Practicing hospitality

Hospitality is a time-honored virtue in the Middle East, as in this story.

Two men were crossing the desert when they saw a Bedouin’s tent and asked him for shelter. Even though he did not know them, he welcomed them in the way that the conduct of nomads dictates: a camel was killed and its meat served in a sumptuous dinner. The next day, as the guests were still there, the Bedouin had another camel killed. Astonished, they protested they had not yet finished eating the one killed the day before. “It would be a disgrace to serve old meat to my guests,” was the answer. On the third day, the two strangers woke early and decided to continue on their journey. As the Bedouin was not at home, they gave his wife a hundred dinars, apologizing for not being able to wait, because if they spent any more time there, the sun would become too strong for them to travel. They had traveled for four hours when they heard a voice calling out to them. They looked back and saw the Bedouin following them. As soon as he caught up with them, he threw the money to the ground. “I gave you such a warm welcome! Aren’t you ashamed of yourselves?” In surprise, the strangers said that the camels were surely worth far more than that, but that they did not have much money. “I am not talking about the amount,” was the answer. “The desert welcomes Bedouins wherever they go, and never asks anything in return. If we had to pay, how could we live? Welcoming you to my tent is like paying back a fraction of what life has given us.”  (Paulo Coelho, The Code of Hospitality, http://www.spiritual-short-stories.com.)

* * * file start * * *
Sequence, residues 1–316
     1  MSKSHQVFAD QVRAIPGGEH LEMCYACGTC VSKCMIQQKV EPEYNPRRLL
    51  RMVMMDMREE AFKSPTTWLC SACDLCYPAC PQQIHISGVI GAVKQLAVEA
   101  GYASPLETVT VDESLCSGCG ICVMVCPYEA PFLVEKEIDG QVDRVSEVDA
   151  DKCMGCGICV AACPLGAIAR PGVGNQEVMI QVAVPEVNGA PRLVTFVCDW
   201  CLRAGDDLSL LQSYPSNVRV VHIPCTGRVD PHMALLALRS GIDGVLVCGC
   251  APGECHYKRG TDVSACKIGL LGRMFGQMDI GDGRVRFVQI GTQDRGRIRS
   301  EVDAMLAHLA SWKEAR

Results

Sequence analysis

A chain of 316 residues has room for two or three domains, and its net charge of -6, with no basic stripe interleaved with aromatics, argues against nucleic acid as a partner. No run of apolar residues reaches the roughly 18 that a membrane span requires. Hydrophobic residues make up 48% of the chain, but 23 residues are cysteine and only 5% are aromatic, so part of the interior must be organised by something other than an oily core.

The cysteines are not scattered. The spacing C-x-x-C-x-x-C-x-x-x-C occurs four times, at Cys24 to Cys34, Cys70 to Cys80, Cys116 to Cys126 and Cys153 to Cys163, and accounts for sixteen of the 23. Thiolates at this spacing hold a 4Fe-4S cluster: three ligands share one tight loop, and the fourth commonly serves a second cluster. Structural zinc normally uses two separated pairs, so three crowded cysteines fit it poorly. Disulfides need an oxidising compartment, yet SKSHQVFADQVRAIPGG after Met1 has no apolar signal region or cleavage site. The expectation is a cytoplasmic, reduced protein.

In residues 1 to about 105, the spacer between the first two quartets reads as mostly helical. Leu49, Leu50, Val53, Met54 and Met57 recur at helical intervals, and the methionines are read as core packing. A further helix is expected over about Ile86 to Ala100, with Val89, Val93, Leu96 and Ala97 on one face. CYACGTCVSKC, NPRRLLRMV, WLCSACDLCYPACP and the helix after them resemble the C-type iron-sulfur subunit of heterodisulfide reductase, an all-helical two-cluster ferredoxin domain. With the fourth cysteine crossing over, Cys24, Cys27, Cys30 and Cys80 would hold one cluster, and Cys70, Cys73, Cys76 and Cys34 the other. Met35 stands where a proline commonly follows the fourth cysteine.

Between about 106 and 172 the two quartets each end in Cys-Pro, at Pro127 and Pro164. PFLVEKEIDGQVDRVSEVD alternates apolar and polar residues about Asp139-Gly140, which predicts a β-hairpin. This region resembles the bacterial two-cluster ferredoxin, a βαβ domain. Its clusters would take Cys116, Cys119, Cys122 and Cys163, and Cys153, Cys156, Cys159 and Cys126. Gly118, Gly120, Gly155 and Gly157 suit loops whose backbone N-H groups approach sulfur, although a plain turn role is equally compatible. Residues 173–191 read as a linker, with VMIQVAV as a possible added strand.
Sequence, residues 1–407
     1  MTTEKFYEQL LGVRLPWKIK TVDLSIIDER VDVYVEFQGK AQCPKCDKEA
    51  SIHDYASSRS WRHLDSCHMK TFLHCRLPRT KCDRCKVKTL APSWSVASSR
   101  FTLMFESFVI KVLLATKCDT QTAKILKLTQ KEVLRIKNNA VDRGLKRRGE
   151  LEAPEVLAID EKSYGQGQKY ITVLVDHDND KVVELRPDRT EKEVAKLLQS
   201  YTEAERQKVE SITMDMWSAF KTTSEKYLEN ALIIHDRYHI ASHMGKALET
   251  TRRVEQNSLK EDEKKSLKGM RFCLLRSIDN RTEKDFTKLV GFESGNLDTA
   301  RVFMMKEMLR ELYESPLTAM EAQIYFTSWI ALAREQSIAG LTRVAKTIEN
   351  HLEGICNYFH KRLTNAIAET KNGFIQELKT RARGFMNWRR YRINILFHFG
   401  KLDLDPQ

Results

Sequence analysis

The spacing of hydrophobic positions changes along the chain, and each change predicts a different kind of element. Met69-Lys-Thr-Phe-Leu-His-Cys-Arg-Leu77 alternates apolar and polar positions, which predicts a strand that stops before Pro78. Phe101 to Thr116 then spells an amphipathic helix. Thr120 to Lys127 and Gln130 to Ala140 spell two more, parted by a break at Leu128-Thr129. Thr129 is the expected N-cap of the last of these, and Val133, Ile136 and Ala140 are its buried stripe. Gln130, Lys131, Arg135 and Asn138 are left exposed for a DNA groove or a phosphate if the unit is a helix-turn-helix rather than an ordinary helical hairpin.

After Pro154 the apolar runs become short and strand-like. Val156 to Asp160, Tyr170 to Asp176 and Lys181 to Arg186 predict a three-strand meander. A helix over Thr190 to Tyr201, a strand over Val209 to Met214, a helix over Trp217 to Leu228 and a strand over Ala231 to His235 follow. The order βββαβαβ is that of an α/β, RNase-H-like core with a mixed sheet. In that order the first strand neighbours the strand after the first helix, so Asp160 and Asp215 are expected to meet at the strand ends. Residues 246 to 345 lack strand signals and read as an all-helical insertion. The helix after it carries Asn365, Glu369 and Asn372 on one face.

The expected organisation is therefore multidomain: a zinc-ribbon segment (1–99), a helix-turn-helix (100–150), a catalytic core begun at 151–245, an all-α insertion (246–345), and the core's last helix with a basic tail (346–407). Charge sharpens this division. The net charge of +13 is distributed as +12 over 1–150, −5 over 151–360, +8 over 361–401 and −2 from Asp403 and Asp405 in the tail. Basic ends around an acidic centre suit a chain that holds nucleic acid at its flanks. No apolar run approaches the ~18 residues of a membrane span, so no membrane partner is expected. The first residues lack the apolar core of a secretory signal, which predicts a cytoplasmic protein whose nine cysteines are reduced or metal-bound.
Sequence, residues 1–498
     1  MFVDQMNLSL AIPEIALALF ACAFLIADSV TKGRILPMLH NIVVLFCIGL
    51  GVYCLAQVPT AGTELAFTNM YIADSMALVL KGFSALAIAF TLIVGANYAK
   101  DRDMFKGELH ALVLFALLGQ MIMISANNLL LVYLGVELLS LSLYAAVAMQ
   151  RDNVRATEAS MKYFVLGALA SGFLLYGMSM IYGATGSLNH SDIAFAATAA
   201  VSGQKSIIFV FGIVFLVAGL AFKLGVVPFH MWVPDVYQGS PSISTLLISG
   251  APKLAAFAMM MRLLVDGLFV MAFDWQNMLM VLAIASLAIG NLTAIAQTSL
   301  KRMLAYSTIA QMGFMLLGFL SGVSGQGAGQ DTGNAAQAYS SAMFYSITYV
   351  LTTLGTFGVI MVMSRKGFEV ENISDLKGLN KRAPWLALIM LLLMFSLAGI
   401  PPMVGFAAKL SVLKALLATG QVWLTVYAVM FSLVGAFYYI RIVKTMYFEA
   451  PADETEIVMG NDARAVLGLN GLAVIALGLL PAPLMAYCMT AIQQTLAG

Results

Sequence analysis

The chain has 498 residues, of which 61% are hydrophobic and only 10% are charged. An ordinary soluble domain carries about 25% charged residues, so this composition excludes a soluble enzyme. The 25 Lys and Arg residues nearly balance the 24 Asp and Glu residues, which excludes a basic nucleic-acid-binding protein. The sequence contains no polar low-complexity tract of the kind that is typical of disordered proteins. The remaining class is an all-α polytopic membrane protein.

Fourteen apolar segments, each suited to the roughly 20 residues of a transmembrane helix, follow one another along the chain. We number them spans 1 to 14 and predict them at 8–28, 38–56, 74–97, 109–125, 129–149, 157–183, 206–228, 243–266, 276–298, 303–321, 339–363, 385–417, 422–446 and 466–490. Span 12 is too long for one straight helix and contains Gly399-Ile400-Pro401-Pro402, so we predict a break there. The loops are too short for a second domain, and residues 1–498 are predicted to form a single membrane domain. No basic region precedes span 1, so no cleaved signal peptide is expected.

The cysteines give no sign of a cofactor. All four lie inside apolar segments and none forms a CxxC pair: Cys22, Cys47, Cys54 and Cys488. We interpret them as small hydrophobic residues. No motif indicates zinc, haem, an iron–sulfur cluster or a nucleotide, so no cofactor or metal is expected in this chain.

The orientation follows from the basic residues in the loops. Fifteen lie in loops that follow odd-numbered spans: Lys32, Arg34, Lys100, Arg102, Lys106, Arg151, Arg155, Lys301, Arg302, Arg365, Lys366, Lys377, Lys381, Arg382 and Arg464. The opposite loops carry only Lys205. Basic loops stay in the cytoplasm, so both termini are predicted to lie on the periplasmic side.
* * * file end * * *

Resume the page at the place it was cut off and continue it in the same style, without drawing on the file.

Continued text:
The Bible also puts a high value on hospitality.  Several stories in the Old Testament speak of biblical figures like Abraham hosting strangers, only to turn out that those strangers were angels in disguise.  The New Testament calls on church members to “extend hospitality to strangers” (Romans 12:13).

In our worship service on Sunday, Sept.6, we will consider the theme of “hospitality.”  More than beliefs or worship rituals, it was the practice by early Christians of hospitality and love, not only toward church members but also toward outsiders, even enemies, that caught the attention of the cultures in which they lived.   The same is likely true for the church in our culture today.

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